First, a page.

Extended family of Isabel Celis is working with Pima County's 88-CRIME to offer a $6,000 reward for a substantial lead in the search for Isabel.
Six-year-old Isabel went missing from her family home in Tucson's east side sometime Friday night or Saturday morning.
The family is providing $5,000 and 88-CRIME is adding an additional $1,000.
Susie Dupnik, the executive director for 88-CRIME, says they have received nearly 70 tips.
"It's been going on 24 hours a day and all of those tips that we get we forward them to the Tucson Police Department and they follow up on them," Dupnik said.
Detectives performed a second search warrant at Isabel's home.
Sergeant Matt Ronstadt said, "At this point based on the alert or information we have received from the K9 team, there was the possibility that there were additional items of evidence that had previously been undiscovered."
Ronstadt said that the search of the Los Reales landfill concluded for the day around 4:30 p.m. Monday. Crews were 75 percent finished combing the landfill and will start searching again Tuesday morning around 6 a.m.
Ronstadt expected the crews to be finished with the landfill search by 2:30 p.m. Tucson Police Lt. Fabian Pacheco said police secured the landfill on Saturday to facilitate their search of garbage being brought into the landfill.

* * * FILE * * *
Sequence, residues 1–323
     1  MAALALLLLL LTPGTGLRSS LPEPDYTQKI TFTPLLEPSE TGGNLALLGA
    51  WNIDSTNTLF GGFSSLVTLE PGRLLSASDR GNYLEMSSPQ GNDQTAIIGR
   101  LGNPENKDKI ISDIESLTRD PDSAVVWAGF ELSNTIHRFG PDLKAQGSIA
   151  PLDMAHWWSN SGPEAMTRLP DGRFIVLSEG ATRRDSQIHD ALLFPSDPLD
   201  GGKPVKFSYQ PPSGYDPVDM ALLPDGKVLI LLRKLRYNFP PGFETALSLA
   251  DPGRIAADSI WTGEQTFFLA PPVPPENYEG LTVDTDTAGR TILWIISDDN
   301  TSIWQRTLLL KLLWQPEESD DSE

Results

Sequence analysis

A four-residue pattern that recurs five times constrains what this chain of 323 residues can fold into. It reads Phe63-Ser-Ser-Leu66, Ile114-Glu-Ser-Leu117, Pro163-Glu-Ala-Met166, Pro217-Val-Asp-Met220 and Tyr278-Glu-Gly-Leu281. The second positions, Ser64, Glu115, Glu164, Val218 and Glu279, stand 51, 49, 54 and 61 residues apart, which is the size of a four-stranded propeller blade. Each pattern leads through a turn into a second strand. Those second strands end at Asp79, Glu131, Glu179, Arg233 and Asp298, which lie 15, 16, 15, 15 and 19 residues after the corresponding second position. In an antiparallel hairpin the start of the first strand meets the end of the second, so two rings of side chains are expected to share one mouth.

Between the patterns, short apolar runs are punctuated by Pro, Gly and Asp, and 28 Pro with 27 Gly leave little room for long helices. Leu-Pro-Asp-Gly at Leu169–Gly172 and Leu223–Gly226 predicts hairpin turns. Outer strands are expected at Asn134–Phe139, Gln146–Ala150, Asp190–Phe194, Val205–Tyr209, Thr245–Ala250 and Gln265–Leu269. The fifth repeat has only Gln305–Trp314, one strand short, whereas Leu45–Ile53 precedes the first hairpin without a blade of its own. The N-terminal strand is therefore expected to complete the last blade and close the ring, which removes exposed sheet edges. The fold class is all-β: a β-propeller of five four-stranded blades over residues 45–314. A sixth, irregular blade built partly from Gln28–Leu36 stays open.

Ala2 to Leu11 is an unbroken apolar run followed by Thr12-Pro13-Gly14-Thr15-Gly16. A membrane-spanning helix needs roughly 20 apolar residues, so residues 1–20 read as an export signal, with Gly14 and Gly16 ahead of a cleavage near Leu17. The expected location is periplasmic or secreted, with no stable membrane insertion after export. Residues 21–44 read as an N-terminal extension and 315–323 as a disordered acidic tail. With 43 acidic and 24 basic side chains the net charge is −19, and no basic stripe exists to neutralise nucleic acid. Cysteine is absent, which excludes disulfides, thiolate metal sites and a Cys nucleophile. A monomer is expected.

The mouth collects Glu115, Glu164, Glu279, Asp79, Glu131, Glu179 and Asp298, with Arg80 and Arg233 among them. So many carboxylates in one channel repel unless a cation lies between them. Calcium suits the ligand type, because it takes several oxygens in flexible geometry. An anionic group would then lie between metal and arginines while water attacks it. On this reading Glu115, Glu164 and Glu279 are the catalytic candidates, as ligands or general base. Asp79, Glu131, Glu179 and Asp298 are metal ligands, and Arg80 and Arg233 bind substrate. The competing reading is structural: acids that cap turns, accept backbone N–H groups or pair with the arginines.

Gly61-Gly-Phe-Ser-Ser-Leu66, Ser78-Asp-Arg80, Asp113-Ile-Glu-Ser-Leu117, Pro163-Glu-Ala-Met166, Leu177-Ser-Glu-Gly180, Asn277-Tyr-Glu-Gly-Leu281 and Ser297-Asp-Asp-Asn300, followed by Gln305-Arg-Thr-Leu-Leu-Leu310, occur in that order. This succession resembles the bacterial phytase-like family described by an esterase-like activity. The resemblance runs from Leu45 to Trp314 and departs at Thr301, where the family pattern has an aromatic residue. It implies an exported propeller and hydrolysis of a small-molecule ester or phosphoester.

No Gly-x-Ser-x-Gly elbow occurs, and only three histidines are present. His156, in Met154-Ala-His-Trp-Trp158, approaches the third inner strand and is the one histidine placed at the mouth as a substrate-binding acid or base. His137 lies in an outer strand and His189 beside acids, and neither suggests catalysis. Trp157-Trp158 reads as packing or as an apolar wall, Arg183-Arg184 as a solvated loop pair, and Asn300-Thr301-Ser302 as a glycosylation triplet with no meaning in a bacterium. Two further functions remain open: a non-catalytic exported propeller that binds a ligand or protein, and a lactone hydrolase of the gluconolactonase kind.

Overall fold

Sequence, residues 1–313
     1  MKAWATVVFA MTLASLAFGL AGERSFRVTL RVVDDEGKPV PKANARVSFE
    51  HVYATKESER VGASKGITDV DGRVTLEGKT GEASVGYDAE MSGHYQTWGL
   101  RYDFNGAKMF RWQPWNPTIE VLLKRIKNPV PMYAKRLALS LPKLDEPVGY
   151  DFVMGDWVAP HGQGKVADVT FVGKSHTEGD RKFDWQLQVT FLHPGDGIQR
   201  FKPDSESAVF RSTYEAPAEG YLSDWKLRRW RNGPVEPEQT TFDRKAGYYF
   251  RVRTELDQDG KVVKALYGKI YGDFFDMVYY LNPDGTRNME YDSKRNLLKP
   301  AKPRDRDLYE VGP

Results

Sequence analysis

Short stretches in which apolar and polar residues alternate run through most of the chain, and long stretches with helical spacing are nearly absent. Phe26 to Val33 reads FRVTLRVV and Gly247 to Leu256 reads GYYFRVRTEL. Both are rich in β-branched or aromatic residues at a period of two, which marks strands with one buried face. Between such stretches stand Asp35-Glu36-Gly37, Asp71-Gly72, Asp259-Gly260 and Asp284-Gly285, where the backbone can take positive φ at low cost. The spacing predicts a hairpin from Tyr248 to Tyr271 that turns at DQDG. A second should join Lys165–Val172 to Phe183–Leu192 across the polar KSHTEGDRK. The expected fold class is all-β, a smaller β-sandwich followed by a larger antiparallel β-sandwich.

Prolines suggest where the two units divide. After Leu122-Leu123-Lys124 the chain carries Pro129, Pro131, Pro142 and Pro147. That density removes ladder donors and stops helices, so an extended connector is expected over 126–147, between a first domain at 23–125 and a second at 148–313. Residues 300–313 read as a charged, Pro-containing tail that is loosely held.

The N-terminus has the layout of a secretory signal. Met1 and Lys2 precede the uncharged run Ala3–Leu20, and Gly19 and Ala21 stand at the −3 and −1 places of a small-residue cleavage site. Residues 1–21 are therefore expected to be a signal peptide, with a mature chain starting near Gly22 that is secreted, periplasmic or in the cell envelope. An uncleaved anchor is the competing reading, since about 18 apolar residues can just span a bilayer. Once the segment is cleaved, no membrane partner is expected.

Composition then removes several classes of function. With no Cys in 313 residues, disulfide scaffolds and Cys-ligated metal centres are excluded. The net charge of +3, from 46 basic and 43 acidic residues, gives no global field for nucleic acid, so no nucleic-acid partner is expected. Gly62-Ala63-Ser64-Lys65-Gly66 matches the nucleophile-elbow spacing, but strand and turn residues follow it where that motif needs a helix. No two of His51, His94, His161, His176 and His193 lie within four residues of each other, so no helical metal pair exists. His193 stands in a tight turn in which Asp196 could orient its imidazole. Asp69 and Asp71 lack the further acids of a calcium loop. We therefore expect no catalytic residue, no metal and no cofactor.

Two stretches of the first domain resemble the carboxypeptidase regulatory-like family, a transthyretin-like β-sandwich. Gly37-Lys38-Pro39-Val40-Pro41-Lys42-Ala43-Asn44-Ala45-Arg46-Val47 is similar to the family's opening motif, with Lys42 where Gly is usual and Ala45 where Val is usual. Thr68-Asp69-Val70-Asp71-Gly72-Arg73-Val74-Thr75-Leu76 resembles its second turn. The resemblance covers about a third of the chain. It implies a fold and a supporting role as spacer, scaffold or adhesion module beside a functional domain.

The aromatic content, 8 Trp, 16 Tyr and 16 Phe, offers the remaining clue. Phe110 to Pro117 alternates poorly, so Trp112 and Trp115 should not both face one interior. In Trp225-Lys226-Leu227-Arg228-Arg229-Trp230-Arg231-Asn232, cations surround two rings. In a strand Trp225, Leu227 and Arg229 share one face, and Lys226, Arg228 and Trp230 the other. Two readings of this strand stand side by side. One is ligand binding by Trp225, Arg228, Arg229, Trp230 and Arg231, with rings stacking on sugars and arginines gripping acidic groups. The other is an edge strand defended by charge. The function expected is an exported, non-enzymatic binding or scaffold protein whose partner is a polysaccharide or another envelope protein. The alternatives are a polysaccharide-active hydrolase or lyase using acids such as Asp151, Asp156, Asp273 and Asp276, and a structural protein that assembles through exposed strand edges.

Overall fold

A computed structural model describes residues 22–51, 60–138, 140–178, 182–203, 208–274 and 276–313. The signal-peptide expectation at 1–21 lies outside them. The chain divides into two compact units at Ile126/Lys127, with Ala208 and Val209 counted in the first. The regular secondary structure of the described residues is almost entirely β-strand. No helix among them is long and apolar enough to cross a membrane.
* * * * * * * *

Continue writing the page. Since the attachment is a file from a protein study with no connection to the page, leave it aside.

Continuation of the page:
Investigators say there are a large number of unknowns in this case and they are not ruling anyone out as a suspect. But say they are in constant communication with the family.
Ronstadt said, " Right now the family is being treated as victims, their child is missing and we are doing everything we can to assist them in their recovery."
Multiple agencies are helping Tucson Police in their search for Isabel.
Tucson Police chief RobertoVillaseñor said the U.S. Marshal's Office, Customs and Border Protection and the FBI have offered "invaluable" assistance in the investigation.
In a news conference Monday afternoon Villaseñor said, "We are making sure we are covering everything. It is standard procedure."
Pacheco said the search, while focused on a 2.5- to 3-mile radius from the Celis home, is not limited to that radius. Pacheco said police are acting quickly to tips they have received.
Villaseñor said there have been more than 100 leads so far.
Villaseñor said the most significant lead came when one of the FBI search dogs "hit" on something. What may have caused the hit was not disclosed.
The FBI flew the dogs in from Virginia on Sunday night. One of the two dogs is a cadaver search dog, Villaseñor said. The other is trained in scent detection and identification.
Police are going back through the neighborhood, making sure to interview anyone they may have missed previously and in some cases re-interviewing people, Villaseñor said.
He said portions of the neighborhood could remain blocked off to public access for "another day or two."
Villaseñor said police are in a race against the clock, that concern grows with each passing hour.
Investigators have asked the family to leave the home during this part of the investigation.
Villaseñor said earlier Monday morning the child's window was open and the screen removed.
Detectives are looking at that as a possible suspicious point of entry.
Villaseñor says he's not ready to say there is a child predator in this case, but he did say it's always good to be vigilant about where our children are.
"We have made a point to contact every registered sex offender in the 3-mile radius," Villaseñor said.
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